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A leap of faith
Alum jumps from a plane to celebrate turning 80
80-year-old Joseph “Rick” Rechenmacher ’49 quipped, “That I did it!”
“Since I am a staunch Democrat, I hate to admit that my jump was influenced by George H. W. Bush’s 80th birthday jump in 2004,” explains Rechenmacher. Through Hollister-based Adventure Center Skydiving, Rechenmacher was teamed with Steve Rafferty, and the two did a tandem jump from 15,000 feet on July 4, 2005. He says his family, which includes his wife, Esther, 10 children, 30 grandchildren, and four great-grandchildren, was very supportive of his plans. Eighteen family members and friends were on the ground to welcome him down from the sky.
An ex-pilot who was a member of the Navy Air Corps during World War II, Rechenmacher says the height did not bother him, but he was surprised by the pressure. “You are free falling for the first nine thousand feet,” he explains, “and you reach a velocity of 120 miles per hour...I could hardly breathe.” But once the parachute was deployed, he says it was like “sitting in a lawn chair. It is just gorgeous. You have no sensation of falling, and it is so quiet.”
After graduating from SCU, Rechenmacher began his career as a civil engineer, and he worked in that field until 2005. In a career spanning more than half a century, he subdivided a lot of land, as well as designed drainage, sewerage, and water systems. “I didn’t design huge buildings or dams,” he explains. “I just did the basic engineering work that the community needs to function properly.”
Rechenmacher says there are other things he’d like to see accomplished in his lifetime. “First of all, I would like to finish the tree house I started in the huge elm tree I planted in our backyard 40 years ago,” he says. “I was stopped by a minor heart attack two years ago.” He also says he wants to live to see publicly sponsored elections, universal health care, an energy-independent United States, and elected officials who “actually govern according to the Christian ethics taught at SCU.”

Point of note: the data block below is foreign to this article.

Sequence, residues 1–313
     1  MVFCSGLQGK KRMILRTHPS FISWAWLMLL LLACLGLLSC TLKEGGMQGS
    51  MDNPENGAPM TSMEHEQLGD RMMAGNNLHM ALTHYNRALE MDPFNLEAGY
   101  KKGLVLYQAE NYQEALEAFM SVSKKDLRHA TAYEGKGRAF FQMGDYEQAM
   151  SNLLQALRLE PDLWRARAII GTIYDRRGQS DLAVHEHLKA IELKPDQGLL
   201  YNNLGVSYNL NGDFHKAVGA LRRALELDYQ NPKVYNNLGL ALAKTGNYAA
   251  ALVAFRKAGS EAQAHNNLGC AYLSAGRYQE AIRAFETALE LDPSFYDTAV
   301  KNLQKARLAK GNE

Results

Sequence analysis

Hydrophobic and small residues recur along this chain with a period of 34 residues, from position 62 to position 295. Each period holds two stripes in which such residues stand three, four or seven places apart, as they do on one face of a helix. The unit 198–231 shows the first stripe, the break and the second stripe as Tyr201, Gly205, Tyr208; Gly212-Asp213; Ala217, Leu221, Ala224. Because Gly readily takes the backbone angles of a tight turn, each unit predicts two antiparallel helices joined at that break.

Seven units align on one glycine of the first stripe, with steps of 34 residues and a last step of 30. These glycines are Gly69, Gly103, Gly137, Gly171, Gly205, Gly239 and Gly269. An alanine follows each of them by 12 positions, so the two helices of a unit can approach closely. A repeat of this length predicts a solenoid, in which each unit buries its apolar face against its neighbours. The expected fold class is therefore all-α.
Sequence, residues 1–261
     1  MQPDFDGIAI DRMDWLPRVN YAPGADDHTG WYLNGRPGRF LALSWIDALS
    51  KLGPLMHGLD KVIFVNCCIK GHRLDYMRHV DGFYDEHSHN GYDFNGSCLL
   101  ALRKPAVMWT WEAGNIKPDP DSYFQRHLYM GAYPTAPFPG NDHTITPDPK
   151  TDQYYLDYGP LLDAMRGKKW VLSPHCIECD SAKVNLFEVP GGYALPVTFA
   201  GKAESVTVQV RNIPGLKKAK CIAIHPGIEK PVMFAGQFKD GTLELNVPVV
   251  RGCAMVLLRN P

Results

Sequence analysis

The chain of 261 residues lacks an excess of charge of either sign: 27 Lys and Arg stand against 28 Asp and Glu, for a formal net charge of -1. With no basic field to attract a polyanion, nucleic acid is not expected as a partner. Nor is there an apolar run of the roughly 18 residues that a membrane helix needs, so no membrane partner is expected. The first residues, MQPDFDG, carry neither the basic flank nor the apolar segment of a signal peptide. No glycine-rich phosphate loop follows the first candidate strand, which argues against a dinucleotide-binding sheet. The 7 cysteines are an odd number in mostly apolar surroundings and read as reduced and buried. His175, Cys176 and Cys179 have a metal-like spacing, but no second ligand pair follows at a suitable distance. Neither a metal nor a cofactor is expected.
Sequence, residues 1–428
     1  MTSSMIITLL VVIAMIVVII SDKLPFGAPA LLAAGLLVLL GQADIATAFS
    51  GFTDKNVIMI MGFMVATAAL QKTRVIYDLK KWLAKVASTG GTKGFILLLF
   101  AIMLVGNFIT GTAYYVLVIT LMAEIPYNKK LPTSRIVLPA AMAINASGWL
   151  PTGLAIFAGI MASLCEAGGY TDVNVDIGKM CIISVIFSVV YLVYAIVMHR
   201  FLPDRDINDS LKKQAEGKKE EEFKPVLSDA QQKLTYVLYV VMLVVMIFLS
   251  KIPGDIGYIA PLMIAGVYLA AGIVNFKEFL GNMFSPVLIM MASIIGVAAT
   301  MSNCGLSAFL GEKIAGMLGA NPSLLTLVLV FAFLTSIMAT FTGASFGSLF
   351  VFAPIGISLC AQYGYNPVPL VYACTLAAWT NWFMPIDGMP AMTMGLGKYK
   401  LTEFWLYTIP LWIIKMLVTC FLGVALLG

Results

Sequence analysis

—Elizabeth Kelley Gillogly ’93 is contributing editor of Santa Clara Magazine.
Joanne Hayes-White '86 is now SF's first female fire chief
Though many consider her a role model for girls, Joanne Hayes-White ’86, who in January 2004 became San Francisco’s first female fire chief, thinks beyond that. “For my sons, to see their mom on a fire truck, and now leading the department, that’s a great message,” she says.
That spirit also motivates the department’s increased outreach, which she sees as critical in such a diverse city. She hopes that visibility will inspire trust and encourage the next generation of firefighters.
Hayes-White spent her years at SCU involved in the Santa Clara Community Action Program and playing intramural sports, while majoring in business and minoring in philosophy.
San Francisco began accepting female applicants for the fire department in 1987, and the very next year Hayes-White took the entrance exam. In 1990 she joined the SFFD, one of the first 10 women to be firefighters.
During the next 14 years, she worked at each of the city’s 41 station houses, held several different positions, was certified as an EMT, and became the department’s training director.
In January 2004, just days after he was sworn in as mayor, Gavin Newsom ’89 met with Hayes-White to discuss the department’s top spot. “He wanted someone who would be able to break out of the mold of what a fire chief is and what a fire chief looks like. I have a different skill set, which I think appealed to him.”
In the two years since becoming chief, she has helped the department to enhance its visibility, organizing outreach programs to local schools on subjects like asthma awareness, first aid, and disaster preparation
In addition to being the first woman to head the SFFD, Hayes-White is the only woman nationwide to head such a large public safety unit. As a department veteran and a local, she’s gained
“I wouldn’t ask anyone to do anything I wouldn’t be capable of doing myself,” she says.
Even now, as the boss, Hayes-White asks a lot of questions, which she has always done and always felt was encouraged, especially at Santa Clara. Questions, she explains, are not “bothersome.”
“It’s how you learn, it’s how you grow. Teamwork, collaboration, listening, respect for other people’s opinions...all that was reinforced throughout my education,” she says.
—Sarah Stanek is a writer/editor in SCU’s Office of Communications and Marketing.